The MRN changes course, buries the bear | Local news

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TRAVERSE CITY – He was the star of social media chats, a widely traveled black bear with a penchant for birdseed and a compelling desire to be close to Traverse City.

Too close, ultimately, at least for the Michigan Department of Natural Resources. Now he’s buried in what Holly Vaughn, the agency’s outreach and engagement manager, described as an undisclosed location.

“After much deliberation, it was decided that in order to avoid further offending some residents by showing off parts of the bear (or dishonoring its remains), and to avoid perpetuating negative feelings and a painful memory for residents of Traverse City, the DNR retained possession and the skin and skull were not exposed, ”she said in an email, adding that the bear was left whole before the burial.

The DNR initially weighed whether to donate the bear’s skin and skull for display at a nature education center or tribal facility, Vaughn previously said.

For Donna Miller, that justification for burying the animal instead doesn’t hold up, she said. She is appalled at the way the DNR has treated the bear and believes it would be better off alive and in captivity than dead and buried, she said. Or better yet, people could have learned to live with him.

“I would have preferred to replace 100 broken feeders rather than kill it,” she said.

Miller, who lives just outside Traverse City, was one of several locals who spotted the bruin outside his house. She was delighted to see him play and handle things in a “wonderful way”.

“I thought it was fantastic, and if they had had to move it they could have put it on a bear ranch,” she said, adding that she even reached out to one in the upper peninsula.

She is skeptical of the DNR’s reasoning that the bear, at her age, would have done badly in captivity, but ultimately didn’t know it, she said.

She also did not fully accept the logic that the bear had become too fearless with humans and inevitably ended up in a confrontation with one of them – the bear ran as soon as she did. noise and opened the door to chase him away, and he returned a little while after, she said.

Terry Carrithers, another resident of Traverse City, said she was happy that MNR finally decided to bury the bear. But she too was disappointed with the agency’s handling of the situation and feels it owes the public an apology.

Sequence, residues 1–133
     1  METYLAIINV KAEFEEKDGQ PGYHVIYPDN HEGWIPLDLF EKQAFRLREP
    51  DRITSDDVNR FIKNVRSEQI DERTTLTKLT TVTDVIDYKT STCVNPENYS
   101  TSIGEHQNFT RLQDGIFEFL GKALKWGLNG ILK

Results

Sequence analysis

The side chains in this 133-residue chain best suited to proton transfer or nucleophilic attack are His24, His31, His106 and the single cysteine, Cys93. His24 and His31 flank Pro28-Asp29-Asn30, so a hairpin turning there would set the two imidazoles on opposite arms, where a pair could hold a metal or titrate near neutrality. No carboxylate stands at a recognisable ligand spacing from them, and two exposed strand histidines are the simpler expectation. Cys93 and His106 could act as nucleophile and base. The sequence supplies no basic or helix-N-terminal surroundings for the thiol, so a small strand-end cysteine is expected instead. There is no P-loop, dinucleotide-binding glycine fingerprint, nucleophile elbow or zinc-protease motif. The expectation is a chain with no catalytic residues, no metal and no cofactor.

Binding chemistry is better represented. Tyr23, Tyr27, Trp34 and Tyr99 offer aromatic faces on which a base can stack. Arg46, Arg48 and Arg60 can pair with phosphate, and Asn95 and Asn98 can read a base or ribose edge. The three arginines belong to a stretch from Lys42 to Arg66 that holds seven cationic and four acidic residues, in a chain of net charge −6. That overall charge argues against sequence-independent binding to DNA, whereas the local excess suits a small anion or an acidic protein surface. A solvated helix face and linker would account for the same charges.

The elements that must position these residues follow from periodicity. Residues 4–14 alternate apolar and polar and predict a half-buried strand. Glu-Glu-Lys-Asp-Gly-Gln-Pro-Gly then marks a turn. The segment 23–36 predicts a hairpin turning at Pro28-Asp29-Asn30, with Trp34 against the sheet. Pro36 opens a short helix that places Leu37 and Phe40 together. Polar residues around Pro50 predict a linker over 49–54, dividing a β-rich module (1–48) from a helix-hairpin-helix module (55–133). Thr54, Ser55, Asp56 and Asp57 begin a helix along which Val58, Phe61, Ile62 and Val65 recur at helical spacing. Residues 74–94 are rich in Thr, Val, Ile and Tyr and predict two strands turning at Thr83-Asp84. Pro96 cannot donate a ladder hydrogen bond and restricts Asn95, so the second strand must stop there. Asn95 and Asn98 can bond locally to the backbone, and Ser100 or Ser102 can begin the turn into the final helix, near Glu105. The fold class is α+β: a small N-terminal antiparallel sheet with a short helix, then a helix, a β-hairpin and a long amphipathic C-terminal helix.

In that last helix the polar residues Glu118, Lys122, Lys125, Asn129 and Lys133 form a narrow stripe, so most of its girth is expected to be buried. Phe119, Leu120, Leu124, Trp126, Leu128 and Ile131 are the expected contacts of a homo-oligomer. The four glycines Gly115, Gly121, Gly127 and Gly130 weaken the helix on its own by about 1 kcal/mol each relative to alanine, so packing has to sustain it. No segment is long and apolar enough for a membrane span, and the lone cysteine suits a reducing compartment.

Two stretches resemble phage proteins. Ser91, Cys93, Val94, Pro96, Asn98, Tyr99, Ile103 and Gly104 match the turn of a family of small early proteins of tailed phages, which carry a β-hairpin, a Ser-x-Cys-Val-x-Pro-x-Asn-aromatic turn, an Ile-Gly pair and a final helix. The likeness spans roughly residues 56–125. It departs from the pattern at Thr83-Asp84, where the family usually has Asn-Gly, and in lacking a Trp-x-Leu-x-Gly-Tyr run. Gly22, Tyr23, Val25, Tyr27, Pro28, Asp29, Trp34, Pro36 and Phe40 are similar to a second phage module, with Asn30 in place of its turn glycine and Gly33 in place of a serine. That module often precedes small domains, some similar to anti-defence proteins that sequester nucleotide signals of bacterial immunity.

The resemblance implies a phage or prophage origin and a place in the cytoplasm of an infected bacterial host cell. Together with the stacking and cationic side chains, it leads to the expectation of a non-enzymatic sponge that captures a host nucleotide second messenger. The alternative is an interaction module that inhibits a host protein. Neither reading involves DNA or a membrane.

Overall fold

“This bear was only taken 91 miles away, so it was obviously going to find its way back to Traverse City, I think, and I just think they could have put a little more effort into trying to move it.” , she said. .

Bears that lose their fear of humans have one name among wildlife biologists: problem bears. The saying “a fed bear is a dead bear” refers to the fact that bears accustomed to humans can become defensive or territorial, leading to attacks on humans that make their slaughter inevitable.

Euthanasia was a last resort when the DNR captured the bear in April, luring it into a living trap with its favorite snack, as previously reported. Biologists tagged him and attached a radio collar, removed a tooth, and took more statistics on the then 400-pound bear before moving him to a location near Alpena.

{span} The fields and woods north of Hillman are a great place for a large creature looking to avoid people.

It is sparsely populated and just east of thousands of acres of public forest, including Pigeon River Country with its wooded hills and river valleys where some 1,200 elk live. {/ span}

{span} This is where the DNR pilots picked up the bear’s signal before it traced its old playground, making the trip in a few weeks and even covering 70 miles in two days. He went south to another wild place – the Manistee River near Brethren and ultimately Copemish – before biologists picked up a signal of his collar’s death. {/ span}

Instead of finding a dead bear, they found a broken collar at the base of a tree, presumably where the bear broke it while scratching against the trunk.

Further bear mischief and a few sightings raised suspicions the bear was back in the Traverse City area, and a 911 Grand Traverse dispatcher whose bear destroyed the crabapple while searching for food offered. his garden for another living trap.

When the bear fell into the trap – again – MNR officials concluded that it would cause the same problems if they moved it, even to the Upper Peninsula as previously reported. And his growing daring and reliance on food provided by humans meant he posed an unacceptable threat to humans.

Miller said the DNR’s behavior around the second capture struck him as dishonest.

“They were asking the public to help capture him, they weren’t saying the plan was to kill him, and then when they did they said, ‘OK, we’ll keep the skull and the fur to help education, ”she said.

Subsequent calls to Vaughn were not returned on Friday, and a message with DNR biologist Steve Griffith was not returned on Friday.

Miller agreed that she hopes people learn to take steps to avoid attracting bears if one is in the neighborhood. The Traverse City bear, however, made it difficult by not staying in one spot for too long.

But she was adamant in not blaming him for his predilection for human food.

“Obviously he’s not afraid of people anymore, which was his mistake, but it’s not the bear’s fault,” she said.


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